HomeScience and Nature Rare Songbird Feared Extinct Rediscovered in Madagascar

Rare Songbird Feared Extinct Rediscovered in Madagascar

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The previous documented sighting of the dusky tetraka (Xanthomixis tenebrosa) — one of the top 10 most wanted species by the Search for Lost Birds — was in 1999.

The dusky tetraka (Xanthomixis tenebrosa). Image credit: John C. Mittermeier.

The dusky tetraka is a species of Old World warbler in the family Bernieridae (tetrakas and allies).

This bird is endemic to the subtropical and tropical moist lowland forests of Madagascar.

It is dark olive-green overall, with a pale yellowish throat and ring around the eye.

Lily-Arison Rene de Roland, Madagascar Program director for the Peregrine Fund, and colleagues set out in December 2022 to search for the elusive bird.

The expedition team found the species in two different remote sites: one on the Masoala peninsula in December 2022 and another near Andapa in January 2023.

“Now that we’ve found the dusky tetraka and better understand the habitat it lives in, we can look for it in other parts of Madagascar, and learn important information about its ecology and biology,” Rene de Roland said.

“There is a lot of biodiversity still to discover in Madagascar.”

“Seeing the bird for the first time was truly a surprise. Our entire team was extremely happy and excited,” said Armand Benjara, a researcher with the Peregrine Fund’s Madagascar Program.

“If dusky tetrakas always prefer areas close to rivers, this might help to explain why the species has been overlooked for so long,” added John Mittermeier, director of the Lost Birds Program at American Bird Conservancy.

“Birding in tropical forests is all about listening for bird calls and so you naturally tend to avoid spending time next to rushing rivers where you can’t hear anything.”

The dusky tetraka (Xanthomixis tenebrosa) is the second species to be rediscovered by the Search for Lost Birds. Image credit: John C. Mittermeier.

The next steps for the team will be to look for the dusky tetraka again between September and October, when most birds in Madagascar breed.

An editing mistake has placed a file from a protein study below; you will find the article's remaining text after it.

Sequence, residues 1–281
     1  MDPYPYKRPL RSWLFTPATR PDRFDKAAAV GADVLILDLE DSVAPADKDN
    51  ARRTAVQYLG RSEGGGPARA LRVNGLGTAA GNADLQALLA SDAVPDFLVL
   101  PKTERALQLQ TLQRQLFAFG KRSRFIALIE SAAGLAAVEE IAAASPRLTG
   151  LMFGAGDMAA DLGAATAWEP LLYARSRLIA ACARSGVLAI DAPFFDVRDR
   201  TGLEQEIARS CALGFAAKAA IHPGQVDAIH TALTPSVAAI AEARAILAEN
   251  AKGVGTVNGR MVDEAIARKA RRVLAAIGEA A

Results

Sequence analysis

“We hope to visit additional sites that match the habitat and elevation where we saw the species in December and January to understand its distribution and conservation status,” Rene de Roland said.

“With the vast majority of the lowland rainforest in northeastern Madagascar already destroyed, it is likely that the dusky tetraka is threatened.”

“Due to the changed landscape and its cryptic nature, the searchers had to employ some resourceful detective work and impressive persistence to make the eventual rediscovery,” said Christina Biggs, lost species officer at Re:wild.

“We’re thrilled and relieved to know that this little bird is still singing in the forests of Madagascar.”

“Now comes the work to protect the spaces that the dusky tetraka inhabits, and also keep remaining wild spaces wild, so other birds don’t land on our list in the future.”

“Several species from the extraordinary island of Madagascar were until fairly recently ‘lost,’ but have been found and are now regularly seen,” said Roger Safford, senior program manager for preventing extinctions at BirdLife International.

“Dusky tetraka was the awkward exception, and it is a credit to the Peregrine Fund team that they have come up with such a thorough set of records of this mystery bird. It does seem to be genuinely rare — but now we can begin to understand why, and take the actions to make sure the forests that meet its seemingly rather precise needs are conserved.”

“Finding the dusky tetraka is fantastic news!” said Russell Thorstrom, conservation director at the Peregrine Fund.

“I’m so excited for the team for documenting this elusive species and American Bird Conservancy for providing the funding, but extremely envious.”

“I spent 7 breeding seasons between 1993 and 1999, from September to January, at Andranobe Field Station on the western side of Masoala Peninsula in northeastern Madagascar.”

“I searched frequently for the dusky tetraka while looking for nesting Madagascar serpent eagles, from sea level to 500 m elevation, but never observed this species.”

Source : Breaking Science News

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